Amnesty International have just updated their campaign in support of the arrested peaceful protesters. They also report the verdicts from todays trial in Al Khuwair.
OMAN MUST CHARGE OR RELEASE DETAINED PROTESTERS
Since February, Omanis have called for change in largely peaceful protests
18 May 2011
The Omani authorities must say where and why they are holding some six people arrested during a recent peaceful protest in the capital Muscat, Amnesty International said today, as more than two dozen others faced trial on protest-related charges.
Fifteen people were arrested by Omani security forces on 14 May during a protest in Muscat calling for the release of others detained two days earlier in pro-reform protests.
Prominent female lawyer Basma al-Kiyumi was released on 16 May, and on 17 May some eight other activists were released, among them Muhammad al-Habssi and Ibrahim Sa’id al-Hajri. It is not known where the remaining six – including Nabhan al-Hanashi – are, or if any charges have been brought against them.
“The authorities in Oman must immediately provide details on the whereabouts of all protesters being held and either charge them with a recognizable criminal offence or release them,” said Malcolm Smart, Amnesty International’s Middle East and North Africa Programme Director.
“If they are being detained solely for participating in a peaceful public protest they should be released immediately and unconditionally.”
“Any charges should be made public, and trials against the accused must conform to international fair trial standards.”
Amnesty International is concerned that those who continue to be held following the protest in Muscat on 14 May are being detained incommunicado and may be at risk of torture or ill-treatment.
Basma al-Kiyumi was charged in connection with participating in an unlawful gathering and released on bail to await trial at future date. It is not clear if other protesters who were released on 17 May were charged or not.
Another group of 27 men who had taken part in protests during March and April appeared before a Muscat court today and were charged with a number of offences including banditry, setting fire to government buildings, and insulting officials. The men pleaded not guilty and the case was adjourned until 23 May. Two of the men, Khaled al-Hantholi, and ‘Ammar al-Hani’i, were not granted bail and remain detained at the Central Prison.
At least three people have been killed and others injured during recent public protests in Oman amid allegations that the security forces have used excessive force against protesters. Many people have been arrested, including dozens who were detained in the northern city of Sohar on 29 March.
More 'Oman in the news'
CBS, mega US media corp, just released their latest edition of 'Enduring Dictators, show casing all the world's dictatorships. Naturally, it's Oman. There are a few small errors, but, this is how Oman is seen in some circles.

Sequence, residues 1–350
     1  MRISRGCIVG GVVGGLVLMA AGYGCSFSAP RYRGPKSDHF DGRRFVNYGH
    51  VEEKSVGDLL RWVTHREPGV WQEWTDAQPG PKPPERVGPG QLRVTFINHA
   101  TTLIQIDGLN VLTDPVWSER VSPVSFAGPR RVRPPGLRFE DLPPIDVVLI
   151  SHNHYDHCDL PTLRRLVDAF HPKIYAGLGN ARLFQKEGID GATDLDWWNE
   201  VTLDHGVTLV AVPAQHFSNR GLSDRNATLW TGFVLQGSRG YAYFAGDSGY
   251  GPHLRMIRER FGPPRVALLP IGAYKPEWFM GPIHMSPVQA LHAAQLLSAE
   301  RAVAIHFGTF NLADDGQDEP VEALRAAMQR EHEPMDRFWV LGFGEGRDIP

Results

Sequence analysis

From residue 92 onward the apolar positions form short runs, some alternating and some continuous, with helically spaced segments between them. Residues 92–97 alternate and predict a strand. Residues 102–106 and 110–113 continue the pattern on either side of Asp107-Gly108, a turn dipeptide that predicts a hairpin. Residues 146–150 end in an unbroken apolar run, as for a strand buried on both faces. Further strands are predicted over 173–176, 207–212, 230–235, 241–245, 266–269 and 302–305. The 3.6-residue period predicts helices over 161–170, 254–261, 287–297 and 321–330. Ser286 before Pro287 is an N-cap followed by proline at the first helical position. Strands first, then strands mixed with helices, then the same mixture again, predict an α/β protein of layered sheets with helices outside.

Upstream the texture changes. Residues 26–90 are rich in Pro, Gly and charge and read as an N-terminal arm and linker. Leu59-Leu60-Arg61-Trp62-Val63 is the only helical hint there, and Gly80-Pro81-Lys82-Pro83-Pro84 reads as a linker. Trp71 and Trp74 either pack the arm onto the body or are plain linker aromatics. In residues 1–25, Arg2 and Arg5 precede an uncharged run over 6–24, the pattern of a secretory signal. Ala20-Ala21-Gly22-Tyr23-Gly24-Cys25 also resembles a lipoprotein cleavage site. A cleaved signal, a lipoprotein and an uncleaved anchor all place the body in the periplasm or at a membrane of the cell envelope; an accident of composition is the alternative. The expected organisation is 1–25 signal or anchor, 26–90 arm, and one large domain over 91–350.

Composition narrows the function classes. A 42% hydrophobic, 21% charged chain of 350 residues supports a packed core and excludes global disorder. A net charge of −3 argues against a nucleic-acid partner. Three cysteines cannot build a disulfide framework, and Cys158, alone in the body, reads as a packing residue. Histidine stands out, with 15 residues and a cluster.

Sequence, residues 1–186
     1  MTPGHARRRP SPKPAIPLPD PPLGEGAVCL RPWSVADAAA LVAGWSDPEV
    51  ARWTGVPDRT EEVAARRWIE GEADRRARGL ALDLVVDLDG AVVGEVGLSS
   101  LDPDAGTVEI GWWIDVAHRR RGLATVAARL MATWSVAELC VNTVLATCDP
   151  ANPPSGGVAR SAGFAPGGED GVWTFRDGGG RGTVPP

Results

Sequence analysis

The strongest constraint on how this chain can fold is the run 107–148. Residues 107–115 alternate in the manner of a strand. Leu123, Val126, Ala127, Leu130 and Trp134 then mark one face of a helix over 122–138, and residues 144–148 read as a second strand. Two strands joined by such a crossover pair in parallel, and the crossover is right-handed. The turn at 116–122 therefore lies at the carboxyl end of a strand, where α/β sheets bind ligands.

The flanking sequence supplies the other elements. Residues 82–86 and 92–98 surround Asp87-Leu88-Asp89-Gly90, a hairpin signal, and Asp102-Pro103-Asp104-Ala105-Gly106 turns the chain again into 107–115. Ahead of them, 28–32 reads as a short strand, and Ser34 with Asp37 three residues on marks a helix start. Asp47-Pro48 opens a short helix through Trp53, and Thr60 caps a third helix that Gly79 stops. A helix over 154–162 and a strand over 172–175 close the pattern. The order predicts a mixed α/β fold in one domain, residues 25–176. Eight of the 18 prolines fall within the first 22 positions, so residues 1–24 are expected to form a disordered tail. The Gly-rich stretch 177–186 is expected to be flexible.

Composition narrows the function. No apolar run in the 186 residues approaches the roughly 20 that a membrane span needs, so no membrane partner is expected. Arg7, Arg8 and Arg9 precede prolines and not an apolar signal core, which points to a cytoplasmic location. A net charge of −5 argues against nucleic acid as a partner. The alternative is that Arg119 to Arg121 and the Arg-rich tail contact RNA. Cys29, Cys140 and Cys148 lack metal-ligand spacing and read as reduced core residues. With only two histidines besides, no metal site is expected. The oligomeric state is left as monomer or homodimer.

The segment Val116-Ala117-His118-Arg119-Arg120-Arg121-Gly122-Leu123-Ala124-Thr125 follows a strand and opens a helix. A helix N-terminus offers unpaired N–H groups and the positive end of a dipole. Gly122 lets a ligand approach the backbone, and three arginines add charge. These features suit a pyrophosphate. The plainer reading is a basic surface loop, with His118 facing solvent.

CBS News: Enduring Dictators.
May 18, 2011 4:54 PM
The world's enduring dictators: Qaboos bin Said, Oman
By Joshua Norman
Oman's leader Sultan Qaboos bin Said attends the third day of celebrations marking 40 years since he took the throne at Midan al-Fath Stadium in Muscat on December 1, 2010. (Credit: Getty Images) This is an installment in the WorldWatch series, "The world's enduring dictators," inspired by events in Tunisia and Egypt, in which CBSNews.com takes a look at the men who continue to rule their lands unimpeded by law. See a complete explanation of the series and a list of others profiled here.
Qaboos bin Said, Oman
Length of rule: 41 years.
Sultan Qaboos took the throne in 1970 after deposing his father in a palace coup, and has put his stamp on his country in many ways, even changing its name from "Muscat and Oman" to the "Sultanate of Oman." His part of the Arabian peninsula has been ruled by the al-Said family since 1744.
Most despotic acts:
The current "Arab Spring"-inspired protests in the country have seen at least two deaths. Protesters have complained about rampant government corruption, high unemployment and the lack of a parliament with legislative powers. There has been several waves of arrests of anti-government protestors amid an ongoing and aggressive crackdown against discontent. Although Oman has been accused of human trafficking - especially of foreign laborers - for some time, the government has allegedly begun enforcing laws against on the practice.
Outlook for change:
As mentioned earlier, several protest leaders have been detained and released in rolling waves of arrests in the past few months, and dissatisfaction with the state of affairs in the country is high. While disgruntlement amongst the populace is obvious, the extreme dearth of foreign press coverage and lack of general press freedom there leaves it unclear as to whether the protesters want the sultan to leave, or simply want their government to function better. Beyond the recent protests, there is concern about succession in the country, as there is no heir apparent or any clear legislation on who may be the next Sultan.
Read more: http://www.cbsnews.com/8301-503543_162-20064069-503543.html#ixzz1MkSaLBG1